A widely used arthritis drug reduces the incidence of non-melanoma skin cancers -- the most common cancers in humans -- according to a study published this week in the Journal of the National Cancer Institute. The COX-2 inhibitor celecoxib (brand name Celebrex), which is currently approved for the treatment of osteoarthritis, rheumatoid arthritis and acute pain in adults, led to a 62 percent reduction in non-melanoma skin cancers, which includes basal cell carcinomas and squamous cell carcinomas.
Celecoxib, a prescription-strength nonsteroidal anti-inflammatory drug (NSAID), reduced basal cell carcinomas by 68 percent and squamous cell carcinomas by 58 percent in patients at high risk for skin cancer. The decrease in the incidence of these cancers is much greater than that achieved through the use of sunscreen, which provides only moderate protection against squamous cell and basal cell carcinomas.
"For individuals who are at very high risk of skin cancer, this may be a method to reduce the number of new tumors they develop, despite the drug's known side effects," said Alice Pentland, M.D., study author and chair of the Department of Dermatology at the University of Rochester Medical Center.
Unlike many other types of cancer in which there has been a decline, the incidence of non-melanoma skin cancers is increasing at an alarming rate and is beginning to occur more frequently in younger age groups. It is estimated that the direct cost of treatment for non-melanoma skin cancers in the United States exceeds $1.4 billion each year.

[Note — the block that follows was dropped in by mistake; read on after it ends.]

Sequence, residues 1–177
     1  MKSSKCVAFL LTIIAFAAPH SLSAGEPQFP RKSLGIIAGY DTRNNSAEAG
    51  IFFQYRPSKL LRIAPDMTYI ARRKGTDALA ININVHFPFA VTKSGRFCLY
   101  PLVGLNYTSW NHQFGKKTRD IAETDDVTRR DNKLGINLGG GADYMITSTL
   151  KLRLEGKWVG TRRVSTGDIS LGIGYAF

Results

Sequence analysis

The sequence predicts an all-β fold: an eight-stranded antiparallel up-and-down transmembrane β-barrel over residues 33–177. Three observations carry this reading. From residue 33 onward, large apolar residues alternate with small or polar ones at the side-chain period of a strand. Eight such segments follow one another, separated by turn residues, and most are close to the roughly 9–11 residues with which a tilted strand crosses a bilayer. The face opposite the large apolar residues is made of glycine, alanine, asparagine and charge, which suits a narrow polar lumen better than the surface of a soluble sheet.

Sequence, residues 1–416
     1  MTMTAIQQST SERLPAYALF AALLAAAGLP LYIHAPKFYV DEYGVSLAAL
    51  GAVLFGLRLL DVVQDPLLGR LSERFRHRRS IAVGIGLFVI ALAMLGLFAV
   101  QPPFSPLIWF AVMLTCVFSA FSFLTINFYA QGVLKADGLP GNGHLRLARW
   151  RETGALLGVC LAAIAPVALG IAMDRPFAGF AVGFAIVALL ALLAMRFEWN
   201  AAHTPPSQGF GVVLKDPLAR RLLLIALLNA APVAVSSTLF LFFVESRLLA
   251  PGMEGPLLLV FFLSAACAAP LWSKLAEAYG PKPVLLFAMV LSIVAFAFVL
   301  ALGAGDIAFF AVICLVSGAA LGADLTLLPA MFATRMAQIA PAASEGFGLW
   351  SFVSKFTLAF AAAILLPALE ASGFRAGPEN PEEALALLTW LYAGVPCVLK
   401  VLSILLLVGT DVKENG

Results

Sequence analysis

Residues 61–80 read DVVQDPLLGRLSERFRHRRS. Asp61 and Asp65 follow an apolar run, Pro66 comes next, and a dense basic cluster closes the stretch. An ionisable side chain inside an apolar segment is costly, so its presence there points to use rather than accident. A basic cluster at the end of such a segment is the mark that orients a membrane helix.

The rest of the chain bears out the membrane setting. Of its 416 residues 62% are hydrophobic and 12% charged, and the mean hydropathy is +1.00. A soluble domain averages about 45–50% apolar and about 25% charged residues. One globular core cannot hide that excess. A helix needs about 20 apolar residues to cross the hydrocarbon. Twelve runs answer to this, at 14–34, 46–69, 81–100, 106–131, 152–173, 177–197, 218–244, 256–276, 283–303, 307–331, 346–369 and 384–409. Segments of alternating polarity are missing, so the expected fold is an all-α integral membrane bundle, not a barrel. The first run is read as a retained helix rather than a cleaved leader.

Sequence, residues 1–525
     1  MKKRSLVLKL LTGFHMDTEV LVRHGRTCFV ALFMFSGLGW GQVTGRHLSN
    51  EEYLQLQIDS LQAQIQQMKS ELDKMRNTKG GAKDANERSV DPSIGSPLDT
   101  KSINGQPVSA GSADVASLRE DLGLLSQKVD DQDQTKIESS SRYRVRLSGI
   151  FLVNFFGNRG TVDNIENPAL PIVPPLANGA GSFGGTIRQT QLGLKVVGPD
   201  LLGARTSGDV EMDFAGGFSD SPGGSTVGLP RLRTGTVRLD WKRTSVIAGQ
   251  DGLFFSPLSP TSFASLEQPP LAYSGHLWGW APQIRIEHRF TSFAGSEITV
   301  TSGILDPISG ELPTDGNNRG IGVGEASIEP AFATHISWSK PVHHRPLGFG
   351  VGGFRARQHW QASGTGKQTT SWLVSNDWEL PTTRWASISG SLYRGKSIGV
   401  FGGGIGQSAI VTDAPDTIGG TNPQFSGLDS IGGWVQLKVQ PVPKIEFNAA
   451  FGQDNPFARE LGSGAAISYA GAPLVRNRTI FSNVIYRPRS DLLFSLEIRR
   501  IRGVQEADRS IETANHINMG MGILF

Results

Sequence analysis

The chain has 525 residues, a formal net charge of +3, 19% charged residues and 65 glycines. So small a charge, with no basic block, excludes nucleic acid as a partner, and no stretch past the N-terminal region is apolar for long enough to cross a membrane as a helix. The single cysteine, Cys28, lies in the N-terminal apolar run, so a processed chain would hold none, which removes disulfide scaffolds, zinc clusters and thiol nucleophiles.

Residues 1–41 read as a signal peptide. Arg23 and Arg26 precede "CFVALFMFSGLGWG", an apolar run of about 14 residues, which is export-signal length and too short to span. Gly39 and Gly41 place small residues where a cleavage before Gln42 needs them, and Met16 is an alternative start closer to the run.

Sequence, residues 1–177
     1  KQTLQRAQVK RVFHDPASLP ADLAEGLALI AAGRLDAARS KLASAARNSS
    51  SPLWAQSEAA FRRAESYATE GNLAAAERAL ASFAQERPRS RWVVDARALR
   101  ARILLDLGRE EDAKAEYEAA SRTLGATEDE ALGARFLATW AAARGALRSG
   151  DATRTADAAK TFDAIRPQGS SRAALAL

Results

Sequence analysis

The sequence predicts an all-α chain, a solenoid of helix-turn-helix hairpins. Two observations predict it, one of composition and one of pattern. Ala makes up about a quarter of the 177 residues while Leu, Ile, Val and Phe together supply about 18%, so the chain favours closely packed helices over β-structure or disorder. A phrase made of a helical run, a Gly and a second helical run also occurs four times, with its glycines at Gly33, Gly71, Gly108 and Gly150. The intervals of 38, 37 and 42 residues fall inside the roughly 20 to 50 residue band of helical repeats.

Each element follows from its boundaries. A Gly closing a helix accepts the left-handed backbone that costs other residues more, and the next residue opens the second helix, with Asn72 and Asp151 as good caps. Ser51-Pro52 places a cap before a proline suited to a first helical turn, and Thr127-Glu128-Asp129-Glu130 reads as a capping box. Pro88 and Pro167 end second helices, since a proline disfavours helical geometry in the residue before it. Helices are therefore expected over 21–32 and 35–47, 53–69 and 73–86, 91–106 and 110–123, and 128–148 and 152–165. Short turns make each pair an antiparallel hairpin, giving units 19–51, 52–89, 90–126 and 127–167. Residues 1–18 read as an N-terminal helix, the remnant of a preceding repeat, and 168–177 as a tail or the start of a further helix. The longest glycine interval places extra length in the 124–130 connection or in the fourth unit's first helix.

The study was a double-blind, multicenter, placebo-controlled trial that included 240 patients between 37 and 87 years of age. Participants were at high risk for the development of non-melanoma skin cancers and had between 10 and 40 actinic keratoses -- rough, scaly patches about the size of the smallest fingernail that are usually found on sun-exposed areas like the arms, backs of the hands, nose and back of the neck. These come about from too much time in the sun and are prone to progress to skin cancer.
Half of the study participants received a 200 mg capsule of celecoxib twice daily and the other half were given placebo. Patients were evaluated at three, six and nine months, at which point treatment was completed, and again at 11 months, for the presence of new actinic keratoses, basal cell carcinomas and squamous cell carcinomas. Patients receiving celecoxib saw marked reductions in both cancers.
While COX-2 inhibitors such as celecoxib have beneficial effects, they are also associated with increased risk for cardiovascular and gastrointestinal side effects. In this trial researchers found no significant difference in the incidence of gastrointestinal disease, such as gastrointestinal hemorrhage or ulceration, in the two groups, nor did they observe a significant increase in cardiovascular adverse events, such as chest pain or heart attack, in patients who took celecoxib. The most commonly reported side effects included gastrointestinal disorders (12 percent) and infections (13 percent).